Review: Don't Feed the Fairies
Posted by Ana Mardoll at Friday, March 04, 2011 Edit
Don't Feed the Fairies
by Eileen Gormley
My rating: 5 of 5 stars
Don't Feed the Fairies / B003CV7U70
Cytolene isn't having a very good day. At first she was thrilled that her mother picked her for this assignment - scouting the planet Earth with an eye towards harvesting humans was a big assignment (not to mention a tasty one!), and it had been worth the painful disfiguring surgery if it would get her mother's attention (it's not easy standing out when you're the 63rd daughter in a family of 200). But when her mother stranded her on Earth with no reassurance of when she would be back, Cytolene began to panic. Afterall, being surrounded by the intergalactic equivalent of walking prime-rib steaks might *sound* good, but being stuck in primitive Earth culture...with no hope of escape...and a constant need for secrecy...is not Cytolene's idea of a good time.
This humorous novel is marked with a wonderfully fresh premise, and the pacing is superb - the reader is drawn in almost instantly, and the initial characterization of Cytolene is established quickly and easily. Combining the wonderful insecurities of a middle child with the "trust fund heiress" snobbery of the galaxy's elite, the author has painted a fascinating heroine that is driven at least as much by her own naivete and insecurities as she is by her actual situation. Sure, she *could* set up shop on Earth as a pre-school teacher (assuming her mother arranged for a credit history and a social security card, neither of which is likely knowing her mother) or - barring that - a sex worker, and she *could* work and wait patiently for a ride to come her way, but Cytolene is too proud, too impetuous, and too impatient to do so - instead taking an airplane to California, in a desperate attempt to hitchhike out on the first spaceship that comes her way. And, as realistic as her character is, it is heartening to see that Cytolene is also a dynamic character - one who is able to change her mind as to the status of humans (from "food" to something more complex) over the course of her journey.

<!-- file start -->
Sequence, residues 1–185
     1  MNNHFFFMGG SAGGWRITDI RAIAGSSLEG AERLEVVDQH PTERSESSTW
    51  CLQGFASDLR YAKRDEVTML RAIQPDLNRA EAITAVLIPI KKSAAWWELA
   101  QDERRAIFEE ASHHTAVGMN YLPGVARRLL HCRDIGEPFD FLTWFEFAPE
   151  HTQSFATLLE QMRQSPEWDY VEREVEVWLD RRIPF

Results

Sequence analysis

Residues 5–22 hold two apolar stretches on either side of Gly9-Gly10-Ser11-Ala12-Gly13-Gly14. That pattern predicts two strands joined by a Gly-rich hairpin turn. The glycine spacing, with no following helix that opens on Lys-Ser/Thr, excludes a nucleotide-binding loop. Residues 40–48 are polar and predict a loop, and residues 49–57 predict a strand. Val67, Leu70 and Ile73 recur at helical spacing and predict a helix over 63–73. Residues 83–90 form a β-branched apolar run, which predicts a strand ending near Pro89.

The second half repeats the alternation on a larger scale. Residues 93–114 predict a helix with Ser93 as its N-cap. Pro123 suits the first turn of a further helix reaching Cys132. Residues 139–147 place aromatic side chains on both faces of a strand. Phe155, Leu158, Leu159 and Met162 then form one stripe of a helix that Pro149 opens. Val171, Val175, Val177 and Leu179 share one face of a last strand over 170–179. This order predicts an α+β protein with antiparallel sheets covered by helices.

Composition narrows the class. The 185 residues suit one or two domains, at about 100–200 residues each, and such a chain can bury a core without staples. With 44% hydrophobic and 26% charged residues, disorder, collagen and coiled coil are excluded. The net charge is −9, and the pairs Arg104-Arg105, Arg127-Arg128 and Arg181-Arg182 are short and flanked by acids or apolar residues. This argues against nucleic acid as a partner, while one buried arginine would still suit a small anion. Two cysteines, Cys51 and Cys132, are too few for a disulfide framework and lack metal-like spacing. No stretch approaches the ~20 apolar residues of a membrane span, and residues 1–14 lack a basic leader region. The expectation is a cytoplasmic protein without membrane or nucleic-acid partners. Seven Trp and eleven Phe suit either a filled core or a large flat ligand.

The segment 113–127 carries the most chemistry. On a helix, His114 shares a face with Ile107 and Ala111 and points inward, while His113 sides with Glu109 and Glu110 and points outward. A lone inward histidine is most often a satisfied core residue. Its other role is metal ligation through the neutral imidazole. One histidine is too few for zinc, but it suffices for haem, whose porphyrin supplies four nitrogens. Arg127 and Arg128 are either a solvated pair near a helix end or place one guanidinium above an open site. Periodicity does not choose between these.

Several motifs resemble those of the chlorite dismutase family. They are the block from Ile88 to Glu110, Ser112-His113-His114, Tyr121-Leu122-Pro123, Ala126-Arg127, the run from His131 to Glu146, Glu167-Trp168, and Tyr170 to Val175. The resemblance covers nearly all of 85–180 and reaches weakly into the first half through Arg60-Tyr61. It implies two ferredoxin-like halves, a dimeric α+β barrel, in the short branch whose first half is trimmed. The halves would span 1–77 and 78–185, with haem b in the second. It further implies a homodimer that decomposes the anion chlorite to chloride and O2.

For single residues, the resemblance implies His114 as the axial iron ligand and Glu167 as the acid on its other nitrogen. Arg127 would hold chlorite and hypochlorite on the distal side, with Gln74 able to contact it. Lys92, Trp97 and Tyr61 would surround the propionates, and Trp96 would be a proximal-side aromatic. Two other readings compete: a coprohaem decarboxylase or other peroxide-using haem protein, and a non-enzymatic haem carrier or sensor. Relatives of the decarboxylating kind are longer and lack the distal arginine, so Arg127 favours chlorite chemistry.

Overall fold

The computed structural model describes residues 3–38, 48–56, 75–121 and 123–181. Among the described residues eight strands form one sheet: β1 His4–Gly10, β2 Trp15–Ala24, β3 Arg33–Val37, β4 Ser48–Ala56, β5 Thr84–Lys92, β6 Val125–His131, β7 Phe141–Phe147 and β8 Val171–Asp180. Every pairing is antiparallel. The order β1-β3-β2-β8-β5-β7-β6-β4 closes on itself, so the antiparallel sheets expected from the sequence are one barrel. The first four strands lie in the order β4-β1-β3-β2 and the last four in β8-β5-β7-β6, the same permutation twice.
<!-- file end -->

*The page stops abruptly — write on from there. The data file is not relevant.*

The wit here is wonderful, with lots of nice touches (like the airplane staff tasting "tired and dry") that really bring the story to life.
NOTE: This review is based on a sample excerpt of this book provided through the ABNA contest.
~ Ana Mardoll
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